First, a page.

Three things make “Crossover” a good solid science fiction novel: an action-packed cyberpunkish plot about far future inter-stellar political and military intrigue, a willingness to explore the issues around whether a man-made soldier can also be a person and, most of all, strong female characters, especially the artificial soldier herself, Cassandra Kresnov.
Joel Shepard builds his future world with care, paying attention to history, culture, and politics and setting up conflicts that are more complex than good-guys versus bad-guys. He has created a credible, engaging universe that could be the foundation for a good series of books.
The thriller plot has some excellently executed action scenes and just enough political intrigue to vary the pace.
Yet this isn’t a “Olympus Has Fallen”, “you have 24 hours to save the universe”, kind of book. Its main focus is on Cassandra Kresnov, who was built to be a super-soldier but has gone AWOL to see if she can do more with her life. A lot of the novel is spent exploring what it means to be sentient but not human, to look human but to be a formidable weapon, even when unarmed. Joel Shepherd gives this debate an edge via a gruesome scene, early in the novel, where Cassandra is treated like a thing rather than a person and subjected to unbearable cruelty. By the end of this, I had no doubt Cassandra was a person.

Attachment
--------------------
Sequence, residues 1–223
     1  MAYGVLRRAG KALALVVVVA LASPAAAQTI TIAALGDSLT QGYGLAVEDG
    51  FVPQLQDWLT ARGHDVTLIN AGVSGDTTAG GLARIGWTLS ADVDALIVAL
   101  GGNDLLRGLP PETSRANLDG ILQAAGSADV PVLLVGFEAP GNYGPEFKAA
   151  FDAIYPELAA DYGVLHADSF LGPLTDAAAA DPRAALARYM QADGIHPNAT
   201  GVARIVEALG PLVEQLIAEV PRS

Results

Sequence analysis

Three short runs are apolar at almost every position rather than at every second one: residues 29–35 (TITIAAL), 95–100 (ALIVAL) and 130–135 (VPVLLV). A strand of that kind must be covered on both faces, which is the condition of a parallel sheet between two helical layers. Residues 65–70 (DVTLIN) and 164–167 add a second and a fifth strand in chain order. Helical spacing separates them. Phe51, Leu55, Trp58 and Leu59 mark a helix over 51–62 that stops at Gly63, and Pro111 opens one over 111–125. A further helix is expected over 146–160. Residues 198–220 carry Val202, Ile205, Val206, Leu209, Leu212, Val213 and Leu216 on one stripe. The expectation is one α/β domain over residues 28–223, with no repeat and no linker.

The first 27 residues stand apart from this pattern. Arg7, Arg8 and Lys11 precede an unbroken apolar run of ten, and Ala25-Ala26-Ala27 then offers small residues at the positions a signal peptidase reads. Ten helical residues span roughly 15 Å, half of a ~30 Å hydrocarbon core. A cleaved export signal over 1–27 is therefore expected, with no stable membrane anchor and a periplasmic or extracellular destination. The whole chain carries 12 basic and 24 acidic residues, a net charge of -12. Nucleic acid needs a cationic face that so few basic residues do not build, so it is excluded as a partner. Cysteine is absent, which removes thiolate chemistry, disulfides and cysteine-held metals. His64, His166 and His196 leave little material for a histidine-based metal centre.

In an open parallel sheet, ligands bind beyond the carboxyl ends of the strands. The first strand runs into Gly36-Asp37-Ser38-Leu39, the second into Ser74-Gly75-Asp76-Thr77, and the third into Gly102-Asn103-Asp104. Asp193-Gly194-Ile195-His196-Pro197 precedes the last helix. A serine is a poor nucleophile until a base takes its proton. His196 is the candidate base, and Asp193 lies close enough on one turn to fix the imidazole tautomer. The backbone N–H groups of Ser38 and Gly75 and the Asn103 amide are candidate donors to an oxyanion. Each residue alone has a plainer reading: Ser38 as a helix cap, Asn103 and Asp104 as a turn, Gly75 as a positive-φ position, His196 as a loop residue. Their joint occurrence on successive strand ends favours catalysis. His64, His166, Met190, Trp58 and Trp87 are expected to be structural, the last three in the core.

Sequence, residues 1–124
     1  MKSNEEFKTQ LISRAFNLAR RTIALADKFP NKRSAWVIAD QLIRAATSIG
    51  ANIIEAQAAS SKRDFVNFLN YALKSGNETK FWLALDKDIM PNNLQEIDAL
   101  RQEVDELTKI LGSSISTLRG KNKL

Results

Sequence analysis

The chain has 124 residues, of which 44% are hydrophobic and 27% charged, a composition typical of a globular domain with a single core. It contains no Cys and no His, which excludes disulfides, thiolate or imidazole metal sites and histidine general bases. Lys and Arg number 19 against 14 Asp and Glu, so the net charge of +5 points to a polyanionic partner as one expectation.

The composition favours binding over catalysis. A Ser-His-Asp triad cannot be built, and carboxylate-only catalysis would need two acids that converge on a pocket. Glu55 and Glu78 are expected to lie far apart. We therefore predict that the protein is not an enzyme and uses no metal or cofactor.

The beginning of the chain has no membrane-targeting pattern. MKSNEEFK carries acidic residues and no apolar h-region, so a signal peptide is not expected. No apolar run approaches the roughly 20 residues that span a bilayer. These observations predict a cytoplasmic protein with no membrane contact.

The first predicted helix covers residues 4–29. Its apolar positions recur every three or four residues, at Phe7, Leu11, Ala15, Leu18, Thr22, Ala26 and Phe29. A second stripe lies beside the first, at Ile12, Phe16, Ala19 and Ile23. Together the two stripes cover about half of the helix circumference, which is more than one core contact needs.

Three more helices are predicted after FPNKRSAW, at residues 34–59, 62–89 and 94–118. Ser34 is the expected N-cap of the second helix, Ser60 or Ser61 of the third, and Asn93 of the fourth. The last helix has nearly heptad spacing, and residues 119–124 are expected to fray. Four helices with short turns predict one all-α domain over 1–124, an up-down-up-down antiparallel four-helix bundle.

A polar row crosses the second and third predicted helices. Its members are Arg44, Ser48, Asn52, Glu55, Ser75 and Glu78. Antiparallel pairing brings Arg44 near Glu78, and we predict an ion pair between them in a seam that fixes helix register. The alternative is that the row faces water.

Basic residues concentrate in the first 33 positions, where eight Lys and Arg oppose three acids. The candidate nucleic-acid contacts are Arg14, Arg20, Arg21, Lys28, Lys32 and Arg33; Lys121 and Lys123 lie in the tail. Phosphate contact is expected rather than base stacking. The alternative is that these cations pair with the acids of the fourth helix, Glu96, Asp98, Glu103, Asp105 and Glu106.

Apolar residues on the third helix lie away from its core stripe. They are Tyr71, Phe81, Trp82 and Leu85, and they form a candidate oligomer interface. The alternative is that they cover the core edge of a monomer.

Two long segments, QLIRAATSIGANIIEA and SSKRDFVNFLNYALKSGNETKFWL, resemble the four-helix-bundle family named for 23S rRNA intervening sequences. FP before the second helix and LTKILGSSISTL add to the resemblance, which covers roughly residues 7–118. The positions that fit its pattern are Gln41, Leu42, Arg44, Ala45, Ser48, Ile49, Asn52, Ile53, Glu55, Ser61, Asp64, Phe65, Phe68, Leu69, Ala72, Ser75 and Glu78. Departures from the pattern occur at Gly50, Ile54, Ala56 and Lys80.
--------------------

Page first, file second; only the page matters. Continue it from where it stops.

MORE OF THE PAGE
Cassandra is not written as a human who happens to have a different biology. She is, in many ways, alien and threatening. She knows why she was built, she just doesn’t believe that she has to be bound by her maker’s intent. We see her as “Captain Kresnov” commanding a crew of super-soldiers, slightly less advanced than her, who she cares for and who virtually worship her. We see her as the wannabe civilian, looking for a job, going to art galleries, picking up a man, trying to build a life. We watch her build trust, suffer grief, be overwhelmed by anger and crippled by fear. We are given every opportunity to like her. The humans she interacts with are more than foils or plot devices: the SWAT squad leader and the President of the planet are drawn with precise, confident strokes that make them easy to imagine.
I found the start of the book a little slow but I suspect this was more to do with how the book was narrated. Later in the book, Dina Pearlman does an excellent job with both the dialogue (wonderful accents and distinct voices for the main characters) and with action scenes, but her reading of the early scene-setting descriptions and some of Kresnov’s internal reflections is a little flat and unsympathetic. I also thought the last chapter of the book could have been omitted or given more bite.
But these are small complaints. This was a book I read with pleasure, wanting to know what happened next, caring about the characters and kept interested in the diversity of the world in which the action takes place.